Do not rush to underestimate or judge Indian beliefs. Indian philosophy behind the daily religious worship of gods is very deep and also refers to one God from which everything begins.
The gods, for the most part, are different incarnations adapted to human needs.
Just enjoy what you see and be open-minded.
The cow is a sacred animal in India and it symbolizes the land of India and fertility. It is considered to contain all 330 million Hindu gods in its body, and therefore it is sacred and forbidden to eat.
You can see cows everywhere in India, on the streets, on the roads, on the trails. They must not be harmed. This is part India culture.
There had already been deadly confrontations over incidents of slaughtering a cow.
It is reasonable to assume that no western tourist will take out a knife and slaughter a cow, but it is not only slaughter. No harm to the cow will be welcomed or understood. This is critical for Indian people.
Castes (or Varnas)
Hindu society is divided into five different castes.
- Brahmins - the most senior caste, priestly people
- Kshatriyas - rulers, administrators and warriors
- Vaishyas - artisans, merchants, tradesmen and farmers
- Shudras - laboring classes and servants
- Dalith - Untouchables
The legacy of caste in India is very ancient and its days begin well before more than 3000 years ago.
Less than two thousand years ago, this structure was determined by a code of laws called Manu Smriti.
With the establishment of India in 1947, the Indian government initiated a law against the discrimination of the two lower castes and adopted affirmative action in all government positions in their favor.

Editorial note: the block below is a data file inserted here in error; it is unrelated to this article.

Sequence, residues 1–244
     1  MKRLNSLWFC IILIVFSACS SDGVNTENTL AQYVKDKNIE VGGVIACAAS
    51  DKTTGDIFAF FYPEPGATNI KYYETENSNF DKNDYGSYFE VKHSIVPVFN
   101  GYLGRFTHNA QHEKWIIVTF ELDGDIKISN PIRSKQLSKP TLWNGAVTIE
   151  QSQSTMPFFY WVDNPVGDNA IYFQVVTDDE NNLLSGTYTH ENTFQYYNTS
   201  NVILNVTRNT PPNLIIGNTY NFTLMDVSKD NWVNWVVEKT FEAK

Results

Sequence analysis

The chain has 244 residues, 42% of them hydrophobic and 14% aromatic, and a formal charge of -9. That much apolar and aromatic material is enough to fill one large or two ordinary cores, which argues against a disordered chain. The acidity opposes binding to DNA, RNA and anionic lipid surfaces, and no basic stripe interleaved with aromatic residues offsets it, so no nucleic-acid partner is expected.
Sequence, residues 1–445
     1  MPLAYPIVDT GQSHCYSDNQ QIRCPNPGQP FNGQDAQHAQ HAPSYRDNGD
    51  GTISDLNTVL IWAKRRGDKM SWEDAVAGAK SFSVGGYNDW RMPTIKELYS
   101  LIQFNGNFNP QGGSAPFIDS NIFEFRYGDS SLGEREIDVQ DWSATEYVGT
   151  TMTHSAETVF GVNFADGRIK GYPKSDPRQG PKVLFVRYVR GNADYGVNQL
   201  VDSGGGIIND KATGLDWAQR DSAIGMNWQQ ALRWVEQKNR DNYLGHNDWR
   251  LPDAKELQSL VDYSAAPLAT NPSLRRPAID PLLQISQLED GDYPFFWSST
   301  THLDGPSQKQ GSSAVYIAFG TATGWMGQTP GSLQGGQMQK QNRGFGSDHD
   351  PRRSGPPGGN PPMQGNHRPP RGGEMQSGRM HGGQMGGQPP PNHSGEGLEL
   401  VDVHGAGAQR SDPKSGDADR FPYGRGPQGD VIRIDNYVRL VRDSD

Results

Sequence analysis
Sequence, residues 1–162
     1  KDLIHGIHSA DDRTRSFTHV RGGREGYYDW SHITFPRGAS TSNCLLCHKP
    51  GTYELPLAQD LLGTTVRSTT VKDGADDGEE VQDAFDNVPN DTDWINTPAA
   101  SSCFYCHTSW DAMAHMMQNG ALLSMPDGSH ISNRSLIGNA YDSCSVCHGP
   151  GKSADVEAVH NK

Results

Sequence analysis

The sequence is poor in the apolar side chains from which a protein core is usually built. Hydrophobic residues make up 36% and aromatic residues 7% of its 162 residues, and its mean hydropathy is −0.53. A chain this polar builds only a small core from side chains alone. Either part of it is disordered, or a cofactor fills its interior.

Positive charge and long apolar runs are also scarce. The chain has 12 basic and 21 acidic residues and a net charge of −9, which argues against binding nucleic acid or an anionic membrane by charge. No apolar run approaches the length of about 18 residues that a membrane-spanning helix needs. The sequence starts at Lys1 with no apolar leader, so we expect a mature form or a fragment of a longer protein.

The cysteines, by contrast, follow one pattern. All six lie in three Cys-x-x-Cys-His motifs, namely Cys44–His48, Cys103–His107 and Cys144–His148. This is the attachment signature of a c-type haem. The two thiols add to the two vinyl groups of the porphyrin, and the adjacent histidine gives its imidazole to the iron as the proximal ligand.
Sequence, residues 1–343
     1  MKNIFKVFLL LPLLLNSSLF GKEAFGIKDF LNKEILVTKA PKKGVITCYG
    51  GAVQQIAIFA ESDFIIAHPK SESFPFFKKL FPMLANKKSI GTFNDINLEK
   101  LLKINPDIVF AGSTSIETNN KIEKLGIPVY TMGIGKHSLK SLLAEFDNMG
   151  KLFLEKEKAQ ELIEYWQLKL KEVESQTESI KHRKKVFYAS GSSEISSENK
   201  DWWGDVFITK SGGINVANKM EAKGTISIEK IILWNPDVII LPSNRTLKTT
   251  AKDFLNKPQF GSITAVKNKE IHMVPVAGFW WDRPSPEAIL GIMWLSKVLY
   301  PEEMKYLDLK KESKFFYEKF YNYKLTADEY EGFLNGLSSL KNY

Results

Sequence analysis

This structure still exists in India, especially in villages where everyone knows the other. This structure is one of the internal social problems of India.
A few years ago I attended a business meeting in Mumbai, India with a number of colleagues from India. The client we met was of Persian origin, meaning that he is outside the castes structure.
During the meeting, the client picked up and spoke disrespectfully to one of the colleagues who were with me, for no apparent reason. At that moment I did not understand the situation but later saw it in a completely different perspective.
The guy who was with me was dark-skinned and the Persian customer was fair-skinned. In Indian society, they know how to identify the lower or higher classes, according to skin color or surnames.
One way to escape from this structure is to flee from the village to the big cities and assimilate into a crowd or another way is to convert to Islam.
The Indian government has been fighting this for decades and is trying to change the reality.
If you experience it in some way, it is not your job as a tourist to interfere or change this reality.
India is the largest democracy in the world. There are two major political camps there, and in recent years India has experienced a great change when Modi, who belongs to the Indian right wing, won the election.
In general, this is a relevant recommendation wherever you go, there is nothing to enter into political arguments.
Tourists are not supposed to go on a journey to re-educate the residents of the country they visit. When you are a guest, act like a guest.
In India, take the time easily.
The reference to time in India is not as binding as it is in the West. For better and for worse.
There is nothing to be excited about or angry about delays that you will surely experience when you are in India.
The reference to the time dimension is much calmer and less stressful than the West.